While you might expect both groups to demonstrate relatively similar patterns of achievement over time, NAEP outcomes suggest otherwise. Clearly, this is more than a demographic story: several states with fast-growing ELL populations seem to be doing fairly well (North and South Carolina, Kentucky) in comparison to more heavily populated states that are lagging behind the national leaders (Arizona, California, Illinois, New York). And internal variation within each group? All over the board. Critics have pointed out that NAEP is sensitive to differences in curricula and standards in addition to more controversial policies (namely, distribution of instructional resources and social promotion).  Obviously, graphs are just a starting point, but it’s worth pointing out that an honest NAEP discussion should serve as a starting point for uncomfortable questions about educational equity.

Jane Barker is a Research Associate within McREL’s Research & Evaluation department.

NCLB and Science/Social Studies instruction in high-risk schools

Unsurprisingly, NCLB reauthorization hasn’t garnered much press recently. As this recent Education Week column points out, the stimulus package took the heat off of Congress, leading to speculation that any proposed reauthorization bill won’t gain much traction this year. Legislation aside, the NCLB debate is ongoing. Case in point: the National Center for Analysis of Longitudinal Data in Education Research, or CALDER, recently organized a conference inviting researchers to consider differences in educational outcomes and delivery since the passage of NCLB. Presentations from the conference, co-hosted by the National Center on Performance Incentives, were recently posted here.

Findings presented at the conference touch upon a range of subjects, worthy of at least a few minutes’ perusal (if not a few hours’). Dale Ballou and Jeffrey Springer, both of Vanderbilt, contributed a representative presentation on science and social studies instruction in high-risk schools. Conventional wisdom suggests that schools struggling to meet AYP goals would be tempted to neglect instruction in subjects which do not impact accountability outcomes – social studies, and until recently, science. Using data from South Carolina, which adopted a no-stakes science and social studies test in 2003, and Virginia, which incorporated science and social studies test results in accreditation requirements beginning in 1998, the authors present conclusive evidence to the contrary.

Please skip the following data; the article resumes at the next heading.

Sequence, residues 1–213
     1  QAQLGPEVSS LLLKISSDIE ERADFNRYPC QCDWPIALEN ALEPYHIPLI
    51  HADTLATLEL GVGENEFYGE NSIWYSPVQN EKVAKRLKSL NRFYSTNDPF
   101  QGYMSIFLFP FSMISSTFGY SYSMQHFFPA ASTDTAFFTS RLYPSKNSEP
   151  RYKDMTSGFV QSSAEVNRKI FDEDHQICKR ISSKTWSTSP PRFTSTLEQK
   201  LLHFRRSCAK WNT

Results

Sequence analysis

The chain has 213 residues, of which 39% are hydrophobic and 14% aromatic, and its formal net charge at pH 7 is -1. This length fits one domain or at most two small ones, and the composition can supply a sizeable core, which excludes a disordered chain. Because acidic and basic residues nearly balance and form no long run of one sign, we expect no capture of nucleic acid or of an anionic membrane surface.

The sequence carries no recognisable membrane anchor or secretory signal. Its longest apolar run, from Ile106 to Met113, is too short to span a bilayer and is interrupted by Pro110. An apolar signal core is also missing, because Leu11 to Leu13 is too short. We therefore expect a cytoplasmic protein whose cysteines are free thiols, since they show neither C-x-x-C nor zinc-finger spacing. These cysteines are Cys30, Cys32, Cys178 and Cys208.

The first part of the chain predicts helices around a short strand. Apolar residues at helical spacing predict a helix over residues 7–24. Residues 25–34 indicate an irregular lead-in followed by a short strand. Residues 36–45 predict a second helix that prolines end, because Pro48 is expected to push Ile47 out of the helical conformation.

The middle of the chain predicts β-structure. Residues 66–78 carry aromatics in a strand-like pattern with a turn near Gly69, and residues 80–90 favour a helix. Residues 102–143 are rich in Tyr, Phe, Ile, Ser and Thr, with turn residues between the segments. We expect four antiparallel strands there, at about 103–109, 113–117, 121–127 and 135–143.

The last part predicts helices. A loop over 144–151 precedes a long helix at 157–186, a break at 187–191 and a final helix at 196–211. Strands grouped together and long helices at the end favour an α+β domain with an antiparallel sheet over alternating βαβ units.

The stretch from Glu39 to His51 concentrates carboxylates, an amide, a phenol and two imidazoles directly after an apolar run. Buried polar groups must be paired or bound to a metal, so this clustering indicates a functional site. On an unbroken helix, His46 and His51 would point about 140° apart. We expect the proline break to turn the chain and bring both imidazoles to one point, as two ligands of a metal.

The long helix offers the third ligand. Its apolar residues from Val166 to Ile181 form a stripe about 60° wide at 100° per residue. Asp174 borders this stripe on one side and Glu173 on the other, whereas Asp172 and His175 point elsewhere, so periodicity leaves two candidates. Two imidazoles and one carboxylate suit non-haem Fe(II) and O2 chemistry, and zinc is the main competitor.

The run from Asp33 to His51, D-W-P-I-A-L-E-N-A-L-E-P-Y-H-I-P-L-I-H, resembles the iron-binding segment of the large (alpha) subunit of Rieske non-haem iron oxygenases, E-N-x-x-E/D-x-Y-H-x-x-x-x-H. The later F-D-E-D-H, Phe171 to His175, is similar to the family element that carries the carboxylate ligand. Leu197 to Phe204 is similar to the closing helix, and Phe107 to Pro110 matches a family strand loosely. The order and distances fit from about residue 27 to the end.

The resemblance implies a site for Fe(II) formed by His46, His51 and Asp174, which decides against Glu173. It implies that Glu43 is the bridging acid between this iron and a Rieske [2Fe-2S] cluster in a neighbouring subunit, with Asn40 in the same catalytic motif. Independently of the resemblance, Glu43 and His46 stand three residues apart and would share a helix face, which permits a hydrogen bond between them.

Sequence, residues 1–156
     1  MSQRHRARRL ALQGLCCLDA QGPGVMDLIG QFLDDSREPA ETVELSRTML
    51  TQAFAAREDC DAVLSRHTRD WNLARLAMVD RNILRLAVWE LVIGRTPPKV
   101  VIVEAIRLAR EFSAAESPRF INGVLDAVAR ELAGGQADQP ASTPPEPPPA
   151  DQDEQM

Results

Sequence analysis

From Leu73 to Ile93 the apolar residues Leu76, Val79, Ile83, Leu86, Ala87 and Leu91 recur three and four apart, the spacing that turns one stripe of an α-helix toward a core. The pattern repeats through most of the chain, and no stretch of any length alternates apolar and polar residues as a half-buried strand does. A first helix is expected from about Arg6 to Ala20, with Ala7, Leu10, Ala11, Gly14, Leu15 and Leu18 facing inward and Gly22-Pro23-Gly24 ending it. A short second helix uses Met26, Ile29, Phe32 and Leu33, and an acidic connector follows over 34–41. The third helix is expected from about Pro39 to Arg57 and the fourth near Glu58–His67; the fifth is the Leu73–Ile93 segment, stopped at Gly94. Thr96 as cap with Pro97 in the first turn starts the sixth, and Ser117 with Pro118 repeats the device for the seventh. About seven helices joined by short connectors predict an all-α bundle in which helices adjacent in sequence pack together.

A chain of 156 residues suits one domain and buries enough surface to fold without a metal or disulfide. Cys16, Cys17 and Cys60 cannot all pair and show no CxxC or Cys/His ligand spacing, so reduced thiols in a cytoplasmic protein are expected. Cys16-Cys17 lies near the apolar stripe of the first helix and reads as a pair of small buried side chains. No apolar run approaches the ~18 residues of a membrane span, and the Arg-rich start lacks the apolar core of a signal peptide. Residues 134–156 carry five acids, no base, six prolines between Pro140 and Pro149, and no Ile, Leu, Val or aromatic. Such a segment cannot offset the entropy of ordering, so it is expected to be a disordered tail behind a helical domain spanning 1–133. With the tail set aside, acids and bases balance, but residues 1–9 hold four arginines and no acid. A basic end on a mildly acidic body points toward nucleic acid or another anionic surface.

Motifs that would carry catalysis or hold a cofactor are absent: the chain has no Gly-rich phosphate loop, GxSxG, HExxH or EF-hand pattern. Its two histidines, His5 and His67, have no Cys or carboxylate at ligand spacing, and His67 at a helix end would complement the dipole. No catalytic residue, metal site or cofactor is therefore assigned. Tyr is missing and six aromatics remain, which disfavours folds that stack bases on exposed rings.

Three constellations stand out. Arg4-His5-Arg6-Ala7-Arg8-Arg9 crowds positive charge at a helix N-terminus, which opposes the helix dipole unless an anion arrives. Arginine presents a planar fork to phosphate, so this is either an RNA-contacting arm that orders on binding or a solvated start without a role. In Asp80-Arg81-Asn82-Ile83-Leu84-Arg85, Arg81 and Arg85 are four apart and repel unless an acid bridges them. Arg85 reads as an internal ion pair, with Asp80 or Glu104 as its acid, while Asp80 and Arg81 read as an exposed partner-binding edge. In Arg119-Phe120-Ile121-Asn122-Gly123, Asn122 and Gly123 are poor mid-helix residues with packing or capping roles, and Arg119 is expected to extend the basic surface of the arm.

Essentially, post-NCLB science and social studies scores improved at pace with math and reading scores in each state. In Virginia, the scores for these subjects improved at a faster rate in high-risk than in low-risk schools, except among scores designated as ‘advanced’, where the gap widened slightly. While scores improved in South Carolina, the gap remained relatively constant between low- and high-risk schools. The only evidence of trade-off: high-risk South Carolina elementary schools, where the authors found that reading instruction displaced non-core subjects. On average, South Carolina schools studied managed to close this gap by high school, which may suggest that the extra reading instruction paid off. While the authors caution that their results can’t be generalized to all states, their study lends weight to the argument that accountability requirements which reward improvement in math and reading don’t always come at the expense of science and social studies.

Charter school market at a crossroads?

The Wall Street Journal reports that the number of charter schools in the U.S. is likely to mushroom in the next few years as a result of U.S. Secretary of Education Arne Duncan warning states that if they’re unfriendly to charter schools, they shouldn’t expect to see much of the $5 billion in federal stimulus for schools. Not surprising, many states are now scrambling to create charter-friendly environments.

Last month, the Center for Research on Education Outcomes (CREDO) at Stanford University, released a nationwide study analyzing charter school performance. The report was notable for a number of reasons—starting with its methodology. To control for any possible “cherry picking” (i.e., enrolling easier-to-teach students), the study compared the mathematics performance of students in charter schools with their “virtual twins”—students with similar demographic, socioeconomic, and special needs status—in traditional public schools.

Using this analysis, the study painted a mixed picture.

It found that only about one in six (17%) of the 2,400 charter schools studied were actually successful in helping their students perform better than their “virtual twins” in traditional public schools. About half (46%) offered little or no bump for their students compared with their “twins.” And nearly two-fifths (37%) appeared to have a negative impact on achievement; their students learned at lower rates than their comparable peers in traditional schools.

Whither market forces?

So what happened to the market forces of choice and competition that were supposed to make charter schools better than public schools? It appears that these market mechanisms have blunted in at least two significant ways.

First, according to the Stanford researchers, too few charter school authorizers are shutting down low-performing charter schools. Consider, for example, that in states where multiple agencies are licensed to grant charters, charters turned in their lowest performance—presumably because weaker schools have been able to shop around for more permissive entities under which to operate.